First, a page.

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Section 17.8 Free Energy and Equilibrium Solution Plan We need to calculate the value of the reaction quotient Q for the specified partial pressures, for which we use the partial-pressures form: Q = [D] d [E] e /[A] a [B] b. We then use a table of standard free energies of formation to evaluate ΔG°. We calculated ΔG° = −33.3 kJ for this reaction. We will have to change the units of this, however, for the units to work out, we will use kJ/mol as our units for ΔG°, where “per mole” means “per mole of the reaction as written.” Thus, ΔG° = −33.3 kJ/mol implies per 1 mol of N 2, per 3 mol of H 2, and per 2 mol of NH 3. Calculate ΔG at 298 K for a mixture of 1.0 atm N 2, 3.0 atm H 2, and 0.50 atm NH 3 being used in the Haber process: Calculating the Free-Energy Change under Nonstandard Conditions

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Section 17.8 Free Energy and Equilibrium We now use Equation to calculate ∆G for these nonstandard conditions: ΔG = ΔG° + RT ln Q = (−33.3 kJ/mol) + (8.314 J/mol-K)(298 K)(1 kJ/1000 J) ln(9.3 × 10 –3 ) = (−33.3 kJ/mol) + (−11.6 kJ/mol) = −44.9 kJ/mol Comment We see that ΔG becomes more negative as the pressures of N 2, H 2, and NH 3 are changed from 1.0 atm (standard conditions, ΔG°) to 1.0 atm, 3.0 atm, and 0.50 atm, respectively. The larger negative value for ΔG indicates a larger “driving force” to produce NH 3. We would make the same prediction based on Le Châtelier’s principle. Relative to standard conditions, we have increased the pressure of a reactant (H 2 ) and decreased the pressure of the product (NH 3 ). Le Châtelier’s principle predicts that both changes shift the reaction to the product side, thereby forming more NH 3. Continued Calculating the Free-Energy Change under Nonstandard Conditions

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Section 17.8 Free Energy and Equilibrium The Meaning of ΔG for a Chemical Reaction A system can achieve the lowest possible free energy by going to equilibrium, not by going to completion. Copyright © Cengage Learning. All rights reserved 69

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Section 17.8 Free Energy and Equilibrium The Meaning of ΔG for a Chemical Reaction A system can achieve the lowest possible free energy by going to equilibrium, not by going to completion. For reaction A(g) ↔ B(g) Copyright © Cengage Learning. All rights reserved 70

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Section 17.8 Free Energy and Equilibrium The equilibrium point occurs at the lowest value of free energy available to the reaction system. ΔG = 0 = ΔG° + RT ln(K) ΔG° = –RT ln(K) Copyright © Cengage Learning. All rights reserved 71 Fourth way to calculate ΔG°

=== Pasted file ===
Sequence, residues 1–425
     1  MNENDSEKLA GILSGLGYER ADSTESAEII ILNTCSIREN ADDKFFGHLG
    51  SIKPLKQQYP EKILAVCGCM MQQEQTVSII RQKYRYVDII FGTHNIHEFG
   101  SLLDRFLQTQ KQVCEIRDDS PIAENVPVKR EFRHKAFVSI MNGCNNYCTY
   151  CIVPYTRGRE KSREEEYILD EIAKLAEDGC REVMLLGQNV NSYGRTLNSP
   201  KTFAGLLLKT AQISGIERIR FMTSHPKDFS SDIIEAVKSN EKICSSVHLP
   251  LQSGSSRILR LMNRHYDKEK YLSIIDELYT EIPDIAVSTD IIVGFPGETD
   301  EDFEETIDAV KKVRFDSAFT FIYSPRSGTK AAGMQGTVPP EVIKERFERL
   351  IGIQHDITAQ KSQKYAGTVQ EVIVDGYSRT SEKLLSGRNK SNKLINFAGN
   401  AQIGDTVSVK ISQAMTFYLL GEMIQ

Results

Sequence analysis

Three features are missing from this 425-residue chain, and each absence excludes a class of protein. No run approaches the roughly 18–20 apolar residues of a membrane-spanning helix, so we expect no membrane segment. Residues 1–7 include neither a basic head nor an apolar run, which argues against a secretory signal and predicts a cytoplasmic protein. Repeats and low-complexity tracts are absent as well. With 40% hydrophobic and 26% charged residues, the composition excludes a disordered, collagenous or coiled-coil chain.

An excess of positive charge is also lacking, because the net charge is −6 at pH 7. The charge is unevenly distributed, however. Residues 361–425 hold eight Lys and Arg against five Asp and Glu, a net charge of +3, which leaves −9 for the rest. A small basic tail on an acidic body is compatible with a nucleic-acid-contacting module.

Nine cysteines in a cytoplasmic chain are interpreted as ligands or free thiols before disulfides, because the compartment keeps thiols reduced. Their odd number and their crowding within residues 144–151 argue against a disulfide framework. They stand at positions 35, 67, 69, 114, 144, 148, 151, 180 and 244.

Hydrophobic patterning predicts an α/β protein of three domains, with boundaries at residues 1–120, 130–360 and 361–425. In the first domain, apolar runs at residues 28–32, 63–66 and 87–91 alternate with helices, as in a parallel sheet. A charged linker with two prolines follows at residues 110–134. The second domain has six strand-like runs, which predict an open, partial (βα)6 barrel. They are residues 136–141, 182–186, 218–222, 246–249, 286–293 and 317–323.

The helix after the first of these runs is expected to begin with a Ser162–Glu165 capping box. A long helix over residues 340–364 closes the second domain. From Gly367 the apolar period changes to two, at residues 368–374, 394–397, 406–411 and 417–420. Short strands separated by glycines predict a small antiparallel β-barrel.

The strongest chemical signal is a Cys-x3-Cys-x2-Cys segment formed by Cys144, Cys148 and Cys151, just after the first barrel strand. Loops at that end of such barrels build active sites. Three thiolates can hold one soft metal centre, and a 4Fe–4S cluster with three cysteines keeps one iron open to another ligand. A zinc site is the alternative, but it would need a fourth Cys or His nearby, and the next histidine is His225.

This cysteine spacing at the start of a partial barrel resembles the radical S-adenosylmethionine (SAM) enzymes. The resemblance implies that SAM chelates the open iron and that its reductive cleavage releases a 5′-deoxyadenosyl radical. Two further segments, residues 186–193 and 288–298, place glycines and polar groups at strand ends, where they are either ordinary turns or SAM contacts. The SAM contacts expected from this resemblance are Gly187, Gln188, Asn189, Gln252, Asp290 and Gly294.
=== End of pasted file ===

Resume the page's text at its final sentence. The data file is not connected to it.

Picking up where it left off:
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Section 17.8 Free Energy and Equilibrium At equilibrium, Q = K, and G = 0. The equation becomes 0 = G ° + RT ln K Rearranging, this becomes G ° = RT ln K or K = e G /RT

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Section 17.8 Free Energy and Equilibrium Solution Remembering to use the absolute temperature for T in and the form of R that matches our units, we have K = e −ΔG°/RT = e −(−33,300 J ⁄ mol)/(8.314 J/mol-K)(298 K) = e 13.4 = 7 × 10 5 The standard free-energy change for the Haber process at 25 °C was obtained for the Haber reaction: N 2 (g) + 3 H 2 (g) 2 NH 3 (g) ∆G° = −33.3 kJ/mol = –33,300 J/mol Use this value of ∆G° to calculate the equilibrium constant for the process at 25 °C. Calculating an Equilibrium Constant from ΔG°

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Section 17.8 Free Energy and Equilibrium Copyright © Cengage Learning. All rights reserved 74

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Section 17.9 Free Energy and Work AP Learning Objectives, Margin Notes and References Learning Objectives LO 5.15 The student is able to explain how the application of external energy sources or the coupling of favorable with unfavorable reactions can be used to cause processes that are not thermodynamically favorable to become favorable. Additional AP References LO 5.15 (see Appendix 7.11, “Non-Spontaneous Reactions”)

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Section 17.9 Free Energy and Work Maximum possible useful work obtainable from a process at constant temperature and pressure is equal to the change in free energy. w max = ΔG Copyright © Cengage Learning. All rights reserved 76

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Section 17.9 Free Energy and Work Achieving the maximum work available from a spontaneous process can occur only via a hypothetical pathway. Any real pathway wastes energy. All real processes are irreversible. First law: You can’t win, you can only break even. Second law: You can’t break even. As we use energy, we degrade its usefulness because we spread it out. Copyright © Cengage Learning. All rights reserved 77